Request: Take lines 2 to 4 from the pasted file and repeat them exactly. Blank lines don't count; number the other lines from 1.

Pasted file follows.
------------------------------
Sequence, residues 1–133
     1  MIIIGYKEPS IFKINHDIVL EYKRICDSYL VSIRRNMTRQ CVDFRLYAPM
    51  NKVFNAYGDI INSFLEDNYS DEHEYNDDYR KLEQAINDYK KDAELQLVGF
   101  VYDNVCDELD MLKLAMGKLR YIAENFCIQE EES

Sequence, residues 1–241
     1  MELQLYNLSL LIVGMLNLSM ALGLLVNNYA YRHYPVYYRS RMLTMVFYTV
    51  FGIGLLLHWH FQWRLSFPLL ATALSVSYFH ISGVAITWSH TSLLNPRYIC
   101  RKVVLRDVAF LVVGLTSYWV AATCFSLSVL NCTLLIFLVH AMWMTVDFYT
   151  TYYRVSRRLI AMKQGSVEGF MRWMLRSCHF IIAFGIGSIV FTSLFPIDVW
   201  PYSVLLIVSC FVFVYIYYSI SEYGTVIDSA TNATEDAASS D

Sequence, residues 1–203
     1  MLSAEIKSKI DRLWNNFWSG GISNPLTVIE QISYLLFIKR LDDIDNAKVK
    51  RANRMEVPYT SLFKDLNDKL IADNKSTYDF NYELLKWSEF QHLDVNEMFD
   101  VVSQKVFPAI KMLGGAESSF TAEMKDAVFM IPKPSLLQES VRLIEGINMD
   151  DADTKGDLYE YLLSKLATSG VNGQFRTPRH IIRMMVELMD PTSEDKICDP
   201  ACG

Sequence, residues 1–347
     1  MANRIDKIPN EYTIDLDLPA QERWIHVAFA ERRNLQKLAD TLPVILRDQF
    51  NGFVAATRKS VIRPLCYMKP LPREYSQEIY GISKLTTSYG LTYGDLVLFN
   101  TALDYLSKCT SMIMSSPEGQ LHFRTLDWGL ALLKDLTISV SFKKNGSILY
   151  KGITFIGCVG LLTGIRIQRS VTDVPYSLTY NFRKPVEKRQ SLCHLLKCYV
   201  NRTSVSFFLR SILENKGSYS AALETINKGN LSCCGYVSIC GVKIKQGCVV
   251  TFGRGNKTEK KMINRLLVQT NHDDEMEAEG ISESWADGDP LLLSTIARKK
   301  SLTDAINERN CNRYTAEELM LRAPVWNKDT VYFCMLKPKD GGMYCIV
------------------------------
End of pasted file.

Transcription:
     1  MIIIGYKEPS IFKINHDIVL EYKRICDSYL VSIRRNMTRQ CVDFRLYAPM
    51  NKVFNAYGDI INSFLEDNYS DEHEYNDDYR KLEQAINDYK KDAELQLVGF
   101  VYDNVCDELD MLKLAMGKLR YIAENFCIQE EES